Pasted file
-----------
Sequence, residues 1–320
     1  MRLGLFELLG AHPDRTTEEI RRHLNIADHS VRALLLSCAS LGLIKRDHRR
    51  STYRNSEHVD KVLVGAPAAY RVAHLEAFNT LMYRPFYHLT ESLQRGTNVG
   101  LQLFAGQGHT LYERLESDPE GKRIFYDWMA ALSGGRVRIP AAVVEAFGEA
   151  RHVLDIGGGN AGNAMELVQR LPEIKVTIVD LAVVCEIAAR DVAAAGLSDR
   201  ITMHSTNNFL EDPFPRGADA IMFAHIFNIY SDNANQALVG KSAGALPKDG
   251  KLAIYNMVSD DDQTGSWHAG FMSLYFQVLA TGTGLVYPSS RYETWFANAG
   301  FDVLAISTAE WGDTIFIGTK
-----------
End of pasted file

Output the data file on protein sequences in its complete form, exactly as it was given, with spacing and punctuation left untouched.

Sequence, residues 1–320
     1  MRLGLFELLG AHPDRTTEEI RRHLNIADHS VRALLLSCAS LGLIKRDHRR
    51  STYRNSEHVD KVLVGAPAAY RVAHLEAFNT LMYRPFYHLT ESLQRGTNVG
   101  LQLFAGQGHT LYERLESDPE GKRIFYDWMA ALSGGRVRIP AAVVEAFGEA
   151  RHVLDIGGGN AGNAMELVQR LPEIKVTIVD LAVVCEIAAR DVAAAGLSDR
   201  ITMHSTNNFL EDPFPRGADA IMFAHIFNIY SDNANQALVG KSAGALPKDG
   251  KLAIYNMVSD DDQTGSWHAG FMSLYFQVLA TGTGLVYPSS RYETWFANAG
   301  FDVLAISTAE WGDTIFIGTK